One of the country's hottest markets is experiencing a protracted slowdown
A marked cooldown in one of Canada’s once-hottest housing markets continues to gather pace, with home sales in the Greater Toronto Area (GTA) falling by 7.3% last month on a seasonally adjusted basis compared with June.
The 4,912 sales recorded in July represented an eyewatering drop of 47% from the same month last year, according to the Toronto Regional Real Estate Board (TRREB), which provided the update on Thursday morning.
The seasonally adjusted MLS average price of a home in the GTA also fell, with a 2.6% drop in July (to just over $1.1 million) marking the fifth consecutive month that figure has slipped. The latest decline means that it has now fallen by over $176,000 since hitting its peak in February.
TRREB said there had been an uptick in yearly price growth of less expensive home types such as condo apartments as buyers continue to react to the shifting landscape and rising-rate environment.
New listings posted a small yearly decline, by 4% over the same time last year, with the real estate board indicating its expectation that that trend could continue throughout the second half of the year and the beginning of 2023.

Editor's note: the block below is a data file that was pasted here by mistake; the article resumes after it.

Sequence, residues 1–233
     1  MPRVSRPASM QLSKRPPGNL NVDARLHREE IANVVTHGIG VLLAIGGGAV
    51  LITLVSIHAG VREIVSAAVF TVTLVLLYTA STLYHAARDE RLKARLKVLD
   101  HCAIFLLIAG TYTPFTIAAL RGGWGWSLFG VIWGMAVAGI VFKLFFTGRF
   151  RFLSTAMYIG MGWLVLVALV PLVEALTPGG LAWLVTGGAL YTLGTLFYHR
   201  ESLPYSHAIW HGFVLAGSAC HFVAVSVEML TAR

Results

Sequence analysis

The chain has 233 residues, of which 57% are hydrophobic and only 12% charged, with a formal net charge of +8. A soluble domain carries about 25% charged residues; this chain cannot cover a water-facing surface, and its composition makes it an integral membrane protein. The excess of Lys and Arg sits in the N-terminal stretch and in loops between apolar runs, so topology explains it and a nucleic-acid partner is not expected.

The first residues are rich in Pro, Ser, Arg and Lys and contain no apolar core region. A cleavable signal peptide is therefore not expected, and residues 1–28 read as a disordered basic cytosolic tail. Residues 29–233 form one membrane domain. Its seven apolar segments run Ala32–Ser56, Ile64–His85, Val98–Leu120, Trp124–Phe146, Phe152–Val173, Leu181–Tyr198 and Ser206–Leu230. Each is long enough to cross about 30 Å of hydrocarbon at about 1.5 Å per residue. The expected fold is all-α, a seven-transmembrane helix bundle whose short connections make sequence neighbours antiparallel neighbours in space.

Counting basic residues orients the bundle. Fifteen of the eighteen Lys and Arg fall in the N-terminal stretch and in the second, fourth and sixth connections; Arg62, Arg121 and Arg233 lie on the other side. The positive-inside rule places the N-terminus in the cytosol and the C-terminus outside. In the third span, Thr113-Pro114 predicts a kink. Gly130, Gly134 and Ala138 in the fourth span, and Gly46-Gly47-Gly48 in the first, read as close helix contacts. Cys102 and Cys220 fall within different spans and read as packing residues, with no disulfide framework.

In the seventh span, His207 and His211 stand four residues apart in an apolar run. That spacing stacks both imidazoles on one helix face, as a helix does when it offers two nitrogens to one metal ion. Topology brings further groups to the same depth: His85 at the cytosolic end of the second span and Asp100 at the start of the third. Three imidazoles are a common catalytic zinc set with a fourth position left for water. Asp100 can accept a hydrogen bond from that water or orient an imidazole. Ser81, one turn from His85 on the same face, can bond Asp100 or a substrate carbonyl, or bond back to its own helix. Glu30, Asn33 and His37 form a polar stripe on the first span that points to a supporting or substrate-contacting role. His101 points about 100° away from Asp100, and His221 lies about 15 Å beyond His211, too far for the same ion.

The organization’s chief market analyst Jason Mercer highlighted the importance of continuing to focus on housing inventory in the current climate, noting that a tight labour market was likely to result in the GTA population’s continued growth.
“Despite more balanced market conditions resulting from rapidly increased mortgage rates, policymakers must continue to take action to boost housing supply to account for long-term population growth,” Mercer said in remarks accompanying the release of the new figures.
“With savings high and the unemployment rate still low, homebuyers will eventually account for higher borrowing costs. When they do, we want to have an adequate pipeline of supply in place or market conditions will tighten up again.”
The news arrives a day after it was revealed that another of Canada’s most frenzied housing markets, Vancouver, saw its home sales fall by nearly 23% on a month-over-month basis in July.